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Wall Street Ramps Up Tokenization Infrastructure As Second Wave Of Digital Assets Builds

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Five asset classes each the size of the current $2.27 trillion (CoinGecko) cryptocurrency market are making their way towards Wall Street institutional investors, with venture and private equity investment into third party firms facilitating these investments growing by factors of magnitude quarter to quarter, say market participants.

According to a summer note from Rosenblatt Securities, a New York-based institutional brokerage firm, $9.5 billion was invested into Wall Street infrastructure enabling institutional handling of digital assets in 1H of 2021, almost as much as in all 2020. Should this trend continue, and traditional investment pattern — where Q4 investments are roughly comparable to money attracted throughout the year — hold, 2021 will see $370 billion go into industrial grade institutional investor-focused tokenization infrastructure, The Tokenizer estimates.

“We have entered a new cycle in crypto. Institutional adoption is the key and is happening at a pretty impressive rate,” said Vikas Shah, Managing Director, Investment Banking at Rosenblatt Securities. “Right now, you have dozens of buckets of investors that form a very broad spectrum. On one hand, you have very opportunistic and very specialized funds that focus exclusively on crypto, there are other hedge funds that opportunistically use crypto as a way to generate alpha, then there are family offices that come over RIA (registered investment advisor) channel and slowly but surely there are the biggest institutional investors – the banks, the insurance companies, some of the asset managers, some of the endowments and pension funds.”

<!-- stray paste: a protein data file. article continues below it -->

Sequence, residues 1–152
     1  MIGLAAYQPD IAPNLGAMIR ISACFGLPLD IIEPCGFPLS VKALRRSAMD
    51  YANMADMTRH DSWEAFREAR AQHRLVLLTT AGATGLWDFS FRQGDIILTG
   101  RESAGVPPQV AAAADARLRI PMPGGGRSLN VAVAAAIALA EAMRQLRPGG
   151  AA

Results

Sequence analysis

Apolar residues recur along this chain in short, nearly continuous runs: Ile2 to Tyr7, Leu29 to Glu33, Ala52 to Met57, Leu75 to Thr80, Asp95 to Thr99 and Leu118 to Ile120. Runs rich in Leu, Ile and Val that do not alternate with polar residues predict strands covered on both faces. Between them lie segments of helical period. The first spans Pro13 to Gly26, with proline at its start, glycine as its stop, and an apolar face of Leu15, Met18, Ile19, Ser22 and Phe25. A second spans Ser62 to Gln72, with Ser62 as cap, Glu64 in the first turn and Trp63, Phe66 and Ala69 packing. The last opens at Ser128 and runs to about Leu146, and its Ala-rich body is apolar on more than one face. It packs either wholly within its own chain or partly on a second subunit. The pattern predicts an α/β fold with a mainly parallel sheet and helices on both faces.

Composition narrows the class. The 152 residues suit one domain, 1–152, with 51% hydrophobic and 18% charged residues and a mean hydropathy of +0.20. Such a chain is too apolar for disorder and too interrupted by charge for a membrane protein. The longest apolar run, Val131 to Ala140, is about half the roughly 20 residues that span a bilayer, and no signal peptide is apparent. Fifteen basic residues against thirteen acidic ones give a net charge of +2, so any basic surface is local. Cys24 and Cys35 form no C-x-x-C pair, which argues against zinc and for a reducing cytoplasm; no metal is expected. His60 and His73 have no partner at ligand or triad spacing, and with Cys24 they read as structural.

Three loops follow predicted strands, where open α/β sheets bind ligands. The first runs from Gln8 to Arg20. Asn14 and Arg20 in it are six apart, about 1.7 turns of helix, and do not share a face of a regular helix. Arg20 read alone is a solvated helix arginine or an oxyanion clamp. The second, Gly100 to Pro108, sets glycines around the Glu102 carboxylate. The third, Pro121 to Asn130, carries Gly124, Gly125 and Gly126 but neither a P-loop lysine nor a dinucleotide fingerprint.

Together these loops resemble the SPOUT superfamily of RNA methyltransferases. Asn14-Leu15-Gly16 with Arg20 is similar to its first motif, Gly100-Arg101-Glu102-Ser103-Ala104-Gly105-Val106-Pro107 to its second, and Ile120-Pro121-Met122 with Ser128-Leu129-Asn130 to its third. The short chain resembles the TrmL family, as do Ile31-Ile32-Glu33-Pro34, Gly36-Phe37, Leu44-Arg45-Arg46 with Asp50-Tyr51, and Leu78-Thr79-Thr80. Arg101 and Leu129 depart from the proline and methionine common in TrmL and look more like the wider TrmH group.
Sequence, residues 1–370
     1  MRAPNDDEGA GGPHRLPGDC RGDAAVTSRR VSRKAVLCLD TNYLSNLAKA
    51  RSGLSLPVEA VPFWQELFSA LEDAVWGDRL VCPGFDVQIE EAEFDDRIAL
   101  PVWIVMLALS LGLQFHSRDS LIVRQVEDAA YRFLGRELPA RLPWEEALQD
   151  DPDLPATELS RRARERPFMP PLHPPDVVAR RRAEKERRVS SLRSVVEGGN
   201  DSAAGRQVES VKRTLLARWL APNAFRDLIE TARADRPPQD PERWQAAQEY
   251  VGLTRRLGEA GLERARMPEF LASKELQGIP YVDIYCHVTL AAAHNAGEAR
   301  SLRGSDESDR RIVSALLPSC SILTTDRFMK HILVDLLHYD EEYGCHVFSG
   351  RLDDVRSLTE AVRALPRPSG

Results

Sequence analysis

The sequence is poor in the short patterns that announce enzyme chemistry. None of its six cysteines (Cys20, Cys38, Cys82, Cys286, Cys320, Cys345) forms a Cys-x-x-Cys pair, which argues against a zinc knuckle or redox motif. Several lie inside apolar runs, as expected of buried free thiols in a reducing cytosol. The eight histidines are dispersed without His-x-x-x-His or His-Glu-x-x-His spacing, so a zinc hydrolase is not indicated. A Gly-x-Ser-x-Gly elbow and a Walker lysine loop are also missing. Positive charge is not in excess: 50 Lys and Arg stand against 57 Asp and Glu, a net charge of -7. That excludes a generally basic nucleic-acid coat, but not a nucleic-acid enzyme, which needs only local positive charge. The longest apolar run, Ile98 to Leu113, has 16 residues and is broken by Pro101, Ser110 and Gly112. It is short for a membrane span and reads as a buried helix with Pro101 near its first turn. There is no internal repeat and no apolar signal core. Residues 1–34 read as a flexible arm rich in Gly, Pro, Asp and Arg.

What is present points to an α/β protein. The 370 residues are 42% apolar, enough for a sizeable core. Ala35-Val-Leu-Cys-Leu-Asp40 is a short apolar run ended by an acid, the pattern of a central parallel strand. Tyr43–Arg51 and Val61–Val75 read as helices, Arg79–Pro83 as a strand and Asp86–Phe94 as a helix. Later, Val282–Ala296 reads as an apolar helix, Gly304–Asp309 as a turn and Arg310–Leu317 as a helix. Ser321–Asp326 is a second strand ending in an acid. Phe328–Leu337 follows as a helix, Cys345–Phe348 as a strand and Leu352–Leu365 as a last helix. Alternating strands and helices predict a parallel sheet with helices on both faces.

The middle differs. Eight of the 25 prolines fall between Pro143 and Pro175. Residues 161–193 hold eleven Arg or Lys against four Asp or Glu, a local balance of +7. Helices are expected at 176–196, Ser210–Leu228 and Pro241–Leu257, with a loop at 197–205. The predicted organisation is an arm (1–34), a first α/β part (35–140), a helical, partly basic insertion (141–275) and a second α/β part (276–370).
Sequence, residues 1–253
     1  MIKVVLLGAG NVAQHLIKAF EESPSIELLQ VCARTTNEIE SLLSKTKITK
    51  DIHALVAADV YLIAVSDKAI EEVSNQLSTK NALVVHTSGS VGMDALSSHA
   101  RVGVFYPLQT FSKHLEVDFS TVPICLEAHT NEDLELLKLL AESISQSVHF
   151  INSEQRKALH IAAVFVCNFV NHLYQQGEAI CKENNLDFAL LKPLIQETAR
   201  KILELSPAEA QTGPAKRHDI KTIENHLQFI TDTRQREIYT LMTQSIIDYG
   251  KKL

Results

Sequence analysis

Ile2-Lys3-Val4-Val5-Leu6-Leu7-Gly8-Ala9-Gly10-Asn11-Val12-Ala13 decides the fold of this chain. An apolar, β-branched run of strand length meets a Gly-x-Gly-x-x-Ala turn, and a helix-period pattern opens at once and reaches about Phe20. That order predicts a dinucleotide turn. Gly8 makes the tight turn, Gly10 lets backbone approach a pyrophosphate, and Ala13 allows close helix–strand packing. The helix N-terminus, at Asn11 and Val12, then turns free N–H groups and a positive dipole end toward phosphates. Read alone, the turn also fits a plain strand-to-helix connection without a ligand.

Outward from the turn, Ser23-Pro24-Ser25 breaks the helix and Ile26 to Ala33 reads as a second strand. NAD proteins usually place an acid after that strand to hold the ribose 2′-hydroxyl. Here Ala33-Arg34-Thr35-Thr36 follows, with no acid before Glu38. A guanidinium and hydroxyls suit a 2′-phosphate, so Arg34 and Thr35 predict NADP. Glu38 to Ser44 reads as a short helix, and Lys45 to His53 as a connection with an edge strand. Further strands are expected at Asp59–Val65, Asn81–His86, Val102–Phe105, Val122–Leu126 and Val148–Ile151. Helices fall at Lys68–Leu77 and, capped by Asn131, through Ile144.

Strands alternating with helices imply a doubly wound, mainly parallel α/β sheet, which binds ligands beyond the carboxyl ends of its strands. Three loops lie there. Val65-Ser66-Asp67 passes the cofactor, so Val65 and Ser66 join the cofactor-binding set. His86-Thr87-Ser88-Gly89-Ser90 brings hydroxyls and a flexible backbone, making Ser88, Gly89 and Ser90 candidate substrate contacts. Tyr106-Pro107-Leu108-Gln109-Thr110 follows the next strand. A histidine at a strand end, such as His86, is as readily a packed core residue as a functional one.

Vikas Shah, Managing Director, Investment Banking at Rosenblatt Securities

This optimism is fueled by a wholesale adoption of tokenization in a variety of asset classes that now get the same level of liquidity as traditional stocks, bonds and cryptocurrencies, and with that, new avenues to attract and place capital.

Rosenblatt defines these five categories as real estate, NFTs, art, sports and loyalty. Out of these five, real estate is the one at has all the potential to become the next bitcoin, Shah believes. 

“All of the major asset classes will get tokenized. Different asset classes have different adoption rate and will go through cycles. So the cycle right now, in the asset classes we are seeing, is fastest on the real estate side, but as that matures, other asset classes will come online,” Shah said.  “NFTs are already coming online but are still a very retail play. They are in an extremely early stage – like crypto wallets five years ago.”

The Tokenizer did a deep dive into two projects out of these five categories to find out what actually drives some of the firms and entrepreneurs to enable their digital asset strategies.

First, we turned our attention to real estate in the red-hot New York market, where the combination of the pandemic, social upheaval and controversial city politics enabled a great migration of residents between urban and suburban communities, enabling high levels of new construction, appreciation of secondary market and conversions.

Frank Muradov, the founder of Park Rock Capital, is both a living example of trying times for New York residents and an example of how tokenization can help RE professionals.

Formerly of ESA Mngt (Blackstone), Muradov moved into the suburbs for greater quality of life and started his own firm, named Park Rock Capital as a nod to bringing big city financial tools to service the main street needs. Park Rock’s business is pretty straightforward: it extends a variety of loans to real estate investors (construction, rehab, investment), repackages them as notes generating income, and sells them to Wall Street. The industry name of this product is CMBS – commercial mortgage-based securities. 

Frank Muradov, founder of Park Rock Capital

The dynamics of this business have changed dramatically over the last few years, with Wall Street firms aggressively deploying capital to firms like Park Rock, pouring billions into real estate. These billions came with a price tag of following compliance and investment guidelines, making a lot of this capital inaccessible to smaller brokerage firms. Also, technology-embracing direct lenders like Quicken and Rocket Mortgage are now on the scene, edging out old school mom-and-pop real estate lenders.

“Those two trends are literally creating cheaper cost of capital, faster and more transparent lending practices, easier to understand private lending, commercial lending – an environment which is great for overall healthy lending practices and healthy industry,” said Muradov.  “But not everybody is happy about that. The commercial lending still very, very old school.”